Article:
Coronavirus • April 15th, 2020

How to avoid 2020 government stimulus scams

Adam Cecil

Key Takeaways
  • Scammers will attempt to trick and threaten you into giving up your personal data.
  • When in doubt, always be skeptical and double-check URLs and phone numbers.
  • Sign up for scam alerts from the FTC and stay up-to-date.

It’s an unfortunate truth that even in a time of crisis, there will be someone out there trying to make a buck by tricking and exploiting people. Older Americans – retirees, especially – are frequently the target of scams, but everyone, no matter how old they are, is at risk of being taken advantage of.

As the government is working to get stimulus checks to millions of Americans, scammers are using it as a way to steal personal data like Social Security numbers, bank account numbers, and more. In this article, we’ll run through some of the specific scams around the 2020 stimulus checks, including the real details on how to get your check if you did not file taxes in 2019 or 2018, as well as common scam tactics and how to avoid them for future reference.

How to (actually) get your 2020 stimulus

The good news is that if you filed taxes for 2019 or 2018 and gave the government your bank account information for a direct deposit, you will not need to take any additional action in order to receive your stimulus check. You’ll also automatically receive the payment if you receive Social Security retirement benefits, SSDI, survivor benefits, or Railroad Retirement benefits.

The bad news is that if you don’t fall into those categories and you’re trying to figure out how to get your payment, you’ll likely find a few scammers feeding you misinformation in an attempt to steal your Social Security number and your bank account information. Scammers might be posing as IRS agents or bank representatives and send you to bogus websites where they can steal your information.

When in doubt, go directly to the source – the IRS. There are a few ways you can get your 2020 stimulus if you haven’t filed your taxes for 2018 or 2019 yet. First, you could file your taxes – even if you don’t have to file your taxes, you still can. Folks who don’t have to file can also register for their benefits on the IRS website. Some third-party tax service providers, such as TurboTax, can also submit this information to the IRS for you. If you filed your taxes but didn’t provide a bank account or need to update your information with the IRS, use their “Get My Payment” tool.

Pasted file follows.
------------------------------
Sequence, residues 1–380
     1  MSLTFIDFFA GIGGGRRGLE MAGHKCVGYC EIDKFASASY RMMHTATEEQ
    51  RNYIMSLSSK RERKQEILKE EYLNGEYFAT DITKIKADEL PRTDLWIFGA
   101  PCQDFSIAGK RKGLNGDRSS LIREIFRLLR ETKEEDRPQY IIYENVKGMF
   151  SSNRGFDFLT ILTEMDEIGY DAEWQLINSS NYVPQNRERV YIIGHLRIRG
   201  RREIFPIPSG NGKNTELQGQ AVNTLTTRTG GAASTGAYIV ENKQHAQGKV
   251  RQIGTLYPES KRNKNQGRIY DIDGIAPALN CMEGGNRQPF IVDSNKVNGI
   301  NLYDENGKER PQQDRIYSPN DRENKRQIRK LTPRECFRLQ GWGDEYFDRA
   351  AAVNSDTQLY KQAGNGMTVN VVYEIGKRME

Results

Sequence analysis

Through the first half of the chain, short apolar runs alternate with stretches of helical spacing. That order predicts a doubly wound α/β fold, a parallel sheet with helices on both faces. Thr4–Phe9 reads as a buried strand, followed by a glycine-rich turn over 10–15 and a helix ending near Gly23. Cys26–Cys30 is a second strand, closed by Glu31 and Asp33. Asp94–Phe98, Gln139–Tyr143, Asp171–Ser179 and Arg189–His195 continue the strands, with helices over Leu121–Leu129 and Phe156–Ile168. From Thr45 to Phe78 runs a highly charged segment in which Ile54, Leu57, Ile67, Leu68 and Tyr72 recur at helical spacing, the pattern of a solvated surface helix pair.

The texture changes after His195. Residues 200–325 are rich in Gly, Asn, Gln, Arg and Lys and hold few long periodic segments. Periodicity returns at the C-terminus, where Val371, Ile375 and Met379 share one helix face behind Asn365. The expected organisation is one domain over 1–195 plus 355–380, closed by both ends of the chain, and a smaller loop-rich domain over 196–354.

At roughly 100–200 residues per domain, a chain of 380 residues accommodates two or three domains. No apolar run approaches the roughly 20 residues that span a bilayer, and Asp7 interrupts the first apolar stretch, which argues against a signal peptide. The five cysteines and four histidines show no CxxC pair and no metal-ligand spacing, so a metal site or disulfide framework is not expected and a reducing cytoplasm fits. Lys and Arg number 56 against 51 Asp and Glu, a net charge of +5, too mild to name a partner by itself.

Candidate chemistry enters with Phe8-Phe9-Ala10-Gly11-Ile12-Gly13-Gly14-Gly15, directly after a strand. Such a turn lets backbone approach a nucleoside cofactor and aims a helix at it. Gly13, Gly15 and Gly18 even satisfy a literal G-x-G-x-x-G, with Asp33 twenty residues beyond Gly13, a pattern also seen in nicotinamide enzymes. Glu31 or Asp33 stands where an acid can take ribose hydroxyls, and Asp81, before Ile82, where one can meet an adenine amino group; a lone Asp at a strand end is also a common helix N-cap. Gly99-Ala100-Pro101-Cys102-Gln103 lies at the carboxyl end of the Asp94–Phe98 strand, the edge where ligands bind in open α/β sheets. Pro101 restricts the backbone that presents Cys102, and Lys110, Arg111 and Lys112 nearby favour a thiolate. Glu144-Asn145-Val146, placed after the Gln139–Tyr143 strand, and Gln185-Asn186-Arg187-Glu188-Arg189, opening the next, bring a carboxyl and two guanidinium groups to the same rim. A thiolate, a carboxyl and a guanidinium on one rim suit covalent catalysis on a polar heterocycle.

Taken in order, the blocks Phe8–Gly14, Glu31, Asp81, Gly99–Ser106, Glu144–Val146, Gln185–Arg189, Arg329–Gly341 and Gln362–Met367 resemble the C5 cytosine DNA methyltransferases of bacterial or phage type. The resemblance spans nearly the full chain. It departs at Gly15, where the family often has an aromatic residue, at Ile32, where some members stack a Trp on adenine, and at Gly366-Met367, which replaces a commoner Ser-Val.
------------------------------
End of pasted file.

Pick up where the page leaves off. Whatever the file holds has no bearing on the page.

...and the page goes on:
A scammer might try to send you to a website that looks like the IRS website, but isn’t. Always check the URL (web address) – if the URL reads anything other than IRS.gov, it’s probably a scam. Scammers may also try to contact you via phone, and ask for your information right then and there. The IRS never calls people, so you can rest assured that anyone claiming to be an IRS agent calling you is a scammer.

Common scam tactics and how to avoid them

In general, scammers will try to steal your personal data through a combination of trickery and threats. For example, a scammer might call you pretending to be an IRS agent and threatening to withhold your stimulus check unless you give them your bank account information right then over the phone. It’s easy to get caught up in the moment and give someone your information out of fear, which is why it’s so crucial to be on the lookout for possible scams and to stay skeptical.

Scammers might also try to entice you into thinking that you can get your stimulus payment early if you give them your information. This is not possible – no one is getting stimulus money early, and this will continue to be the case if the government takes more stimulus action in the future.

Another common tactic is to trick you into going to a fake website by sending you a “phishing” e-mail or text. This message will have a URL to a fake website that is designed to look like a real website – for example, the IRS site, or your bank’s login screen. Hackers are usually pretty good at making a website look real, so always double-check the URL and make sure there’s nothing fishy about it. When in doubt, try going to the linked website directly to see if the URL matches up.

Same goes for phone scams – if someone calls you claiming to be from your bank, hang up and call the support number listed on your bank’s website or your latest statement. If it really was the bank, no harm done, but if they have no record of trying to contact you, you just dodged a bullet.

Be wary of social engineering scams through Facebook or other social networking sites. Profiles of family and friends may get hacked, and scammers will send you messages as your friend and attempt to extort money out of you. When in doubt, contact your friend through another method to confirm it’s them sending you the messages.

More resources

If you believe you have been the target of a scam, contact the Federal Trade Commission (FTC). You can file a consumer complaint and report identity theft.

Additionally, the FTC sends out consumer alerts about the latest scam tactics. Sign up for their e-mail newsletter to stay up-to-date on the latest information.

Need retirement help? Talk to a financial advisor at Retirable today.

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Author

Adam Cecil

Writer, video maker, and podcast producer based in Brooklyn. Previously a staff writer at Policygenius, helping people find the insurance coverage they need. Find out more.